English allrounder Andrew Flintoff's latest autobiography, Ashes to Ashes, is being serialised in the Daily Mail. In the excerpts up on the Daily Mail website on Thursday, Flintoff has described India during the 26/11 attacks in Mumbai. The English team was in Bhubhaneswar at that time, in the middle of a seven-match ODI series against hosts India. The last two games were subsequently cancelled after the England players decided to go home, fearing further terror strikes.
Flintoff has made several controversial remarks through his high-profile career, and some explosive statements here are not likely to go down well with the BCCI or the England and Wales Cricket Board. Excerpts.
On reported pressure from the cash-rich BCCI: The ECB told us about the money they would lose by not playing the Test series and they emphasised the impact that would have on cricket in England, on county cricket and grassroots cricket. Basically they were telling us that if we went home some lad in Preston (Flintoff is from Preston) might not be able to play cricket.
The Indian organisation had become very powerful with the success of the IPL and the launch of the Champions League Twenty 20 tournaments. It was also an open secret that the ECB wanted to get the Indian players over for their own Twenty20 tournament and I got the impression they were frightened to death of jeopardising that.
On the return to India for the Tests: We were going back to India, after our tour had been interrupted by the terrorist attacks in Mumbai, with so many questions. For starters, how many armed guards were we getting and how good were they going to be?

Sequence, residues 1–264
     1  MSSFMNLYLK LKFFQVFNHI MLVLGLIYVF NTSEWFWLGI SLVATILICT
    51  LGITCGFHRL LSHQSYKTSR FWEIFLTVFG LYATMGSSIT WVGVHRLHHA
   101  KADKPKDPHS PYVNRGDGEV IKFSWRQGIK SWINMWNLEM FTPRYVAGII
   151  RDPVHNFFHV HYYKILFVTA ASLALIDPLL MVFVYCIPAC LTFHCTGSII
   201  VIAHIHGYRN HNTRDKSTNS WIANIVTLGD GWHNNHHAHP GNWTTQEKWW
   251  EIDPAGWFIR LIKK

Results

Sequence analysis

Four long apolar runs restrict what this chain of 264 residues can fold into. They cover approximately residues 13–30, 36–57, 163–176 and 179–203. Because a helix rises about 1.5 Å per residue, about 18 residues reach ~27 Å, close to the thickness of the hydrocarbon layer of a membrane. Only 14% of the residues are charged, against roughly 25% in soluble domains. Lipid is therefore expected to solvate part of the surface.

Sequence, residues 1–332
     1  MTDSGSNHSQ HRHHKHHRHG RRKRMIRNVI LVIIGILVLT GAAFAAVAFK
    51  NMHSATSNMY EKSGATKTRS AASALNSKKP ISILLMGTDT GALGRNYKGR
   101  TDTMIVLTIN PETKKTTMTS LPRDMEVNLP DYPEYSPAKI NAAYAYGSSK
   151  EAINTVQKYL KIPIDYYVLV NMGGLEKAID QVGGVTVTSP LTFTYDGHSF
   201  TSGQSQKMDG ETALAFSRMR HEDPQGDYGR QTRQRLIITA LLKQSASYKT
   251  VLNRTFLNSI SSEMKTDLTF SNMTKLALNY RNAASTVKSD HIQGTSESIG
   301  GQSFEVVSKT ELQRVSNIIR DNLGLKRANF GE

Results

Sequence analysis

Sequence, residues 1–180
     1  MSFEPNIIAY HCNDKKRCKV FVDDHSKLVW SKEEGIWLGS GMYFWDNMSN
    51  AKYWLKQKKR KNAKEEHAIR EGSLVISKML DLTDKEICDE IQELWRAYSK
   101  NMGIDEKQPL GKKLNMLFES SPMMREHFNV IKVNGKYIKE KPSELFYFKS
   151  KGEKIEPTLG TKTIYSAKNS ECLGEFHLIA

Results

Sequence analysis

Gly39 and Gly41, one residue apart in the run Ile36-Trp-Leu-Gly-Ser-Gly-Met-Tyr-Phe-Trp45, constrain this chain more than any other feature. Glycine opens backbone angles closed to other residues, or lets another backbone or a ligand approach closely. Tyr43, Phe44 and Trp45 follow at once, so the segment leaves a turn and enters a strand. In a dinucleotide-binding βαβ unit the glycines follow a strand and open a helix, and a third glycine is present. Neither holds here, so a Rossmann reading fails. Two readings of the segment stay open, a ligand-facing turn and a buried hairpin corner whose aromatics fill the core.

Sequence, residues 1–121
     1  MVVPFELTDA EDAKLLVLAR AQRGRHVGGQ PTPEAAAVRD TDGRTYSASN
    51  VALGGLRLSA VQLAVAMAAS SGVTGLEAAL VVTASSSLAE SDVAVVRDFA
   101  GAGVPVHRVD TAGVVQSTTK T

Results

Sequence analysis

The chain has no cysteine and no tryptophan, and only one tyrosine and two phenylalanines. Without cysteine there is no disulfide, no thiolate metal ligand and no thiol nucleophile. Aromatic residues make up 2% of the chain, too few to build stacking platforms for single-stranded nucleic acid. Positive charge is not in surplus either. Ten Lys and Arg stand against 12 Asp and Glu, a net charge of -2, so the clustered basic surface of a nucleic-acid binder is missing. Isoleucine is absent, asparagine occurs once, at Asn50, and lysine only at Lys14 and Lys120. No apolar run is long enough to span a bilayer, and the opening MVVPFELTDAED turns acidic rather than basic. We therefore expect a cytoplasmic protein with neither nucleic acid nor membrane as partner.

The previous lot had been taking photographs and asking for autographs! We wanted to know if these were going to be like that, or more professional. Instead, when we got off the plane it was like a military procedure.
On the scenes in Mumbai during the attacks: I went to the bar with Peter Moores and a few of the lads and watched the scenes coming through on the television. We all sat there in a state of disbelief at what we were seeing — people shooting from cars, fires blazing in the hotel. I know there was coverage of the incident back home but in India we were watching extremely graphic images. We saw dead bodies. We saw people being shot. We saw everything pretty much as we would have done had we been standing there on the street. At that stage you start phoning home.
On the man who is obviously not his friend, Kevin Pietersen: I called a team meeting to talk through the situation. Kevin was very keen to play the Tests but some of the lads were against it and they gave their reasons. Kevin left after about half an hour to have a massage while the rest of us continued our discussion. At that stage most of the lads didn't want to come back. Stories about terrorists targeting westerners didn't help.
(Courtesy: The Daily Mail)